Q: Daffodils grow in several plant beds in my landscape. What time of the year should they be divided and replanted? They are really crowded.
A: The daffodil’s foliage has dried and died and the bulbs have been fed to encourage flowering for the next year. Now is a good time to split them up. Be careful when digging them out. Try not to use your scoop to cut into the onions. After dividing a lump, separate the onions and discard any that appear sick or injured. Plant them right away.
Q: Is it too late in the season to fertilize my azaleas?
A: Azaleas shouldn’t be fertilized this late in the season. Ideally, the shrubs should be fertilized in spring immediately after flowering has ended. During a growing season like this year when it rains a lot, you can fertilize the shrubs a second time, but the recommendation is not to fertilize after August 1st.
Q: Should I prune my blueberry bushes now or should I wait until late winter? Last winter I removed a lot of blueberry flowers while pruning because I had waited so long. We lost fruit through the cut back then.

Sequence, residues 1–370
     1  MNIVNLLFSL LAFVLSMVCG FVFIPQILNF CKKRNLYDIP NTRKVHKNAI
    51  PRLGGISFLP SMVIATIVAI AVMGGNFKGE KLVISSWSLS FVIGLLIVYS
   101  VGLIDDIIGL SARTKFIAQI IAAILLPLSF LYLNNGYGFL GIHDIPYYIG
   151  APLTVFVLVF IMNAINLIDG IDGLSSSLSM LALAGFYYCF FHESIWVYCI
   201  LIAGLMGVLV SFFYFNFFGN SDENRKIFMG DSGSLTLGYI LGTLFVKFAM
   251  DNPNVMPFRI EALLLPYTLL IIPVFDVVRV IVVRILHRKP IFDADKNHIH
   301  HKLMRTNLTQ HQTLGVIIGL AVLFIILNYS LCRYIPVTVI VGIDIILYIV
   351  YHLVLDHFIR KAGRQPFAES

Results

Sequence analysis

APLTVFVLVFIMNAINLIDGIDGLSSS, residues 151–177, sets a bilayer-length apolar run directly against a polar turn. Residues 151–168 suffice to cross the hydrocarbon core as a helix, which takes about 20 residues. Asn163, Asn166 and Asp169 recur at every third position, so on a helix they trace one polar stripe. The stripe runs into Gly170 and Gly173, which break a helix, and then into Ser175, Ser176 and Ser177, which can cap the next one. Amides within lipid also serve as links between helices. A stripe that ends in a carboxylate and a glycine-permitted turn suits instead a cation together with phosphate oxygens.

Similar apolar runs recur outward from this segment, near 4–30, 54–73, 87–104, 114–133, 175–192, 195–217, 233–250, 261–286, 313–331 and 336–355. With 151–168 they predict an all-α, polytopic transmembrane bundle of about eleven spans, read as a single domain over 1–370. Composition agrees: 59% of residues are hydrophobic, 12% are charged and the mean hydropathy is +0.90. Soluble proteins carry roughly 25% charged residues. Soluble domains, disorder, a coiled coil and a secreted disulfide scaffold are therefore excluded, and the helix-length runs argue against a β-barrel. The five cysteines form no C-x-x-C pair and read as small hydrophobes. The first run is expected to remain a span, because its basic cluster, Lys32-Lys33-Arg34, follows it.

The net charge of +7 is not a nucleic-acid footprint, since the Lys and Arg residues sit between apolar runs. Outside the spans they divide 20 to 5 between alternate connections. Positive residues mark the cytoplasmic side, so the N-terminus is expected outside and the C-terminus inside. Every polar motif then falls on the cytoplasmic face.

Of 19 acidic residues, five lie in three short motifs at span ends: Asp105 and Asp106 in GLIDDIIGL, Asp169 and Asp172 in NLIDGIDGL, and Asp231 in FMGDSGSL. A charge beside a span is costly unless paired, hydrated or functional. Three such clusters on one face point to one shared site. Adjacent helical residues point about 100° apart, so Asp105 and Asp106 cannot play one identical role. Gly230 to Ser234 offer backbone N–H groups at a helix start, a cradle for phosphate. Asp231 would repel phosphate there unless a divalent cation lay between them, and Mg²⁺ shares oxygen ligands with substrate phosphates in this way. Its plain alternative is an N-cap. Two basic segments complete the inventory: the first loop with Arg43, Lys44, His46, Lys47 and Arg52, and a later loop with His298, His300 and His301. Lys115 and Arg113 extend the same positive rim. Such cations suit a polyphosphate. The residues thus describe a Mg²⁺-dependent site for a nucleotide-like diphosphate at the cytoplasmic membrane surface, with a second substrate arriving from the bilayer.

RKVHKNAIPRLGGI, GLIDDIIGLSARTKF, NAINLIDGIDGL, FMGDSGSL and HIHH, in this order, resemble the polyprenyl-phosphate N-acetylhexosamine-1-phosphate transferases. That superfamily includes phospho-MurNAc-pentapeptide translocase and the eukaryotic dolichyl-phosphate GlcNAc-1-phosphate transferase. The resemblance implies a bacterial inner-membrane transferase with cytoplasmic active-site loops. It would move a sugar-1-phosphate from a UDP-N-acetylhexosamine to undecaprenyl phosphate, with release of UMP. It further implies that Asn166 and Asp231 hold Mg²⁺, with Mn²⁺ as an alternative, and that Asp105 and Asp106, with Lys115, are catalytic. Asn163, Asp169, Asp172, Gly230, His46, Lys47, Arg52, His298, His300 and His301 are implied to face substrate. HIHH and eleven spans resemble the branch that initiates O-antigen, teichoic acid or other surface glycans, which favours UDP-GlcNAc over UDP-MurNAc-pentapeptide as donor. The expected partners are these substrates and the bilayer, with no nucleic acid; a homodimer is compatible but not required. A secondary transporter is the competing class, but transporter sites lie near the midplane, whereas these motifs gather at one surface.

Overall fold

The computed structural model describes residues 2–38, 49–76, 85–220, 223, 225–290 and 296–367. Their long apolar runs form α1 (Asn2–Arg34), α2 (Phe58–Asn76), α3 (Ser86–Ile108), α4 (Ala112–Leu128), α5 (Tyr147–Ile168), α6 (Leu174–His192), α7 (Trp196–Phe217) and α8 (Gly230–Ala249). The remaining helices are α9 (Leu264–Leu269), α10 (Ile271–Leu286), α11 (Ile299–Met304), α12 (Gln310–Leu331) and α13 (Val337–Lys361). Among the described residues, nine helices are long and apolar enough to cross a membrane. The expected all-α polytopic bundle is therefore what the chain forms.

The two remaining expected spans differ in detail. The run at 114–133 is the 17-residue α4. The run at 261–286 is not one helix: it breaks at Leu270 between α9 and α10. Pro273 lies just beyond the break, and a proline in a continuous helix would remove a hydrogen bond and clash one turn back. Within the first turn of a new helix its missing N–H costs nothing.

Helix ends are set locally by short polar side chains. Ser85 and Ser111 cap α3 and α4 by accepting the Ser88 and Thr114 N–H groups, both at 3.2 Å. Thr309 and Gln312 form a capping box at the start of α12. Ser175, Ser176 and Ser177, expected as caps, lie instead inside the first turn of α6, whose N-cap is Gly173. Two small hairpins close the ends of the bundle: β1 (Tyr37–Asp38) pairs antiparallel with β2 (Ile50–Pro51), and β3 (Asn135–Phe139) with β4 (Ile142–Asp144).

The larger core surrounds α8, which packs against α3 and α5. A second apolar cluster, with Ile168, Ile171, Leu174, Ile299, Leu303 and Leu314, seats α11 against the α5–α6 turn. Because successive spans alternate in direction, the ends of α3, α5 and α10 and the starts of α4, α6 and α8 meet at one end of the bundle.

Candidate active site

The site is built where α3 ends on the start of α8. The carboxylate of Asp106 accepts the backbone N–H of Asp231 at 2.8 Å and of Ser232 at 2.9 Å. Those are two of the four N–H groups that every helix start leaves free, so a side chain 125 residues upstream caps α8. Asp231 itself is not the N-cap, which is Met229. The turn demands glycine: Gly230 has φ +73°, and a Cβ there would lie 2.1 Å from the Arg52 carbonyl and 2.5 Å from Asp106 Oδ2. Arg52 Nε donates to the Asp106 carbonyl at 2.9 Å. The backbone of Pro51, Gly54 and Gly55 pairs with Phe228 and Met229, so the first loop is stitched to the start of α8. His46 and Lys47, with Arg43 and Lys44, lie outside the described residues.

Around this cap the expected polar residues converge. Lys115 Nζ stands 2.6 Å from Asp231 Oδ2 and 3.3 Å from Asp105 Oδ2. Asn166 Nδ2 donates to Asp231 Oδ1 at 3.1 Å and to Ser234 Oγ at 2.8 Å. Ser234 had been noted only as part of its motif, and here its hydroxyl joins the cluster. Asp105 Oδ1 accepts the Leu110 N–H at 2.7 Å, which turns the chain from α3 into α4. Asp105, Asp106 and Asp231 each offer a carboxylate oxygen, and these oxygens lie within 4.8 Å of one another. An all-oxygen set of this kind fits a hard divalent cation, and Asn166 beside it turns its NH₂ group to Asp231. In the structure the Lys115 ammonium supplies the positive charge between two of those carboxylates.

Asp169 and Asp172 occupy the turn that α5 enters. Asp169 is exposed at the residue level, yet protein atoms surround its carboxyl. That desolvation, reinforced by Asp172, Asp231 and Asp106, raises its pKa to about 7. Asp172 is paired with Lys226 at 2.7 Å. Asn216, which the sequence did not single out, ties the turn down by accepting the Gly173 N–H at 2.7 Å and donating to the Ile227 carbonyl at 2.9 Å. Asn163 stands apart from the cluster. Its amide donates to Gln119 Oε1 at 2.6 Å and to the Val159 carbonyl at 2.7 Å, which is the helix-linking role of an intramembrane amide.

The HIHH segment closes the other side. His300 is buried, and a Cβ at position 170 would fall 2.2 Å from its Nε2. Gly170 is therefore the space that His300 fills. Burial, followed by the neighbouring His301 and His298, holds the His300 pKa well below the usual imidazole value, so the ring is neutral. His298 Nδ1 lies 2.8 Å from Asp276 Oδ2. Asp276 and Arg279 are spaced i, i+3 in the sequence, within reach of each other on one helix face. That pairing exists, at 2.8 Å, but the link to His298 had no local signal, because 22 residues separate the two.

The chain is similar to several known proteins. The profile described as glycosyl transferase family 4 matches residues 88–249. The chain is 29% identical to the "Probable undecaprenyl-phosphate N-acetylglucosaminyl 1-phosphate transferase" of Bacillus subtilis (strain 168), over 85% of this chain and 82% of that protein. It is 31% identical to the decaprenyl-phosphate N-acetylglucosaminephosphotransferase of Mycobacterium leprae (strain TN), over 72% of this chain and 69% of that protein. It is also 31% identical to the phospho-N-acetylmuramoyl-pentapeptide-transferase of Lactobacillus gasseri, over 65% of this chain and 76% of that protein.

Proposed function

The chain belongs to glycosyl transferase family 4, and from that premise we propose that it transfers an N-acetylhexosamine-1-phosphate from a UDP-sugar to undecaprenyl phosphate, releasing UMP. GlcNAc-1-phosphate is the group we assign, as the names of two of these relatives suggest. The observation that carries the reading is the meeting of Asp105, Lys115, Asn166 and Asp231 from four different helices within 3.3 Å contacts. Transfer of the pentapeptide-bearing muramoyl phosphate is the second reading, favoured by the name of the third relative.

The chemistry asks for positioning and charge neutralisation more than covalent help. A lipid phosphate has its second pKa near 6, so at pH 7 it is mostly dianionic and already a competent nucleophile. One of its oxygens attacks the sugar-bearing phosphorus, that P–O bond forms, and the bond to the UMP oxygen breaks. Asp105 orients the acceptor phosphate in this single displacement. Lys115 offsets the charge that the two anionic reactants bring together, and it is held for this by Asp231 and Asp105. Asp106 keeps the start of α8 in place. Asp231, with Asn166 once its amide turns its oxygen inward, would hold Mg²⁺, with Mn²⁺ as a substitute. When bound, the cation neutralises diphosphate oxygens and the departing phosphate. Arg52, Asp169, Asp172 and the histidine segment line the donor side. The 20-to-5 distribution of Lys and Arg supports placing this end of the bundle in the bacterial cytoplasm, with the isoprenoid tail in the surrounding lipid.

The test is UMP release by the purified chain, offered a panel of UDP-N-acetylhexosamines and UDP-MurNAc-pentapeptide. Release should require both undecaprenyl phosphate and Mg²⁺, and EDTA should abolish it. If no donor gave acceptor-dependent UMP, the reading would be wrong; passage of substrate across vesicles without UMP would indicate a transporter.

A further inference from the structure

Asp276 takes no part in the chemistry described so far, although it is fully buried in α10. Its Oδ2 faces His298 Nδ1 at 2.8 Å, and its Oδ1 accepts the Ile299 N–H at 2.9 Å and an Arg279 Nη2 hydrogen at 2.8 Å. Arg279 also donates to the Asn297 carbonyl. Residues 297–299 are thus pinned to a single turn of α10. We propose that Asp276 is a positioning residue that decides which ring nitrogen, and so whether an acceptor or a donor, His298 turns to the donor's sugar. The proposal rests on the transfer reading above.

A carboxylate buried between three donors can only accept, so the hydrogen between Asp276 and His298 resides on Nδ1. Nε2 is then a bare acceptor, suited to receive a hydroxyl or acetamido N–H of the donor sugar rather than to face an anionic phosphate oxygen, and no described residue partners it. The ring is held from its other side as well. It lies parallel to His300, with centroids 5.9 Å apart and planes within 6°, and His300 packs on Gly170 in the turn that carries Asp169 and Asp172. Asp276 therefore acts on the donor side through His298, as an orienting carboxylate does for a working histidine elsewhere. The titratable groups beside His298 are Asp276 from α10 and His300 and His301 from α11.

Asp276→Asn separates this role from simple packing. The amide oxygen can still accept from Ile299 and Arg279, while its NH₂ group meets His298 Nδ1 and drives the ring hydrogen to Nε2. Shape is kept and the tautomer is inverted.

A: Blueberry plants should be pruned in late winter. At this point, the branches will be easier to see, which will make pruning easier. In addition, pruning when the plant is dormant puts less strain on the plant. If you remove some flowers, some of the fruit will be removed, but the remaining fruit should be larger due to the distance.
Q: One of my crepe myrtle has a couple of large broken limbs. Is it okay to prune the tree now, or should I wait until winter?
A: Any time a tree or shrub has dead, damaged, or diseased wood, the branches should be removed. I would wait for the tree to rest with full pruning.
Q: My rose bushes look really bad because I wasn’t doing well in the spring and they weren’t cut this year. Would it harm them if I circumcised them now?
A: You are right. Your roses should have been cut in late winter or early spring. However, since they are most likely in a sad state, they can now be easily circumcised. Don’t overdo the cut.
Carol (Bonnie) Link is an Etowah County gardener and veteran gardening writer. Her weekly column is designed to help and encourage others with their gardening work. Send questions or comments to firstname.lastname@example.org.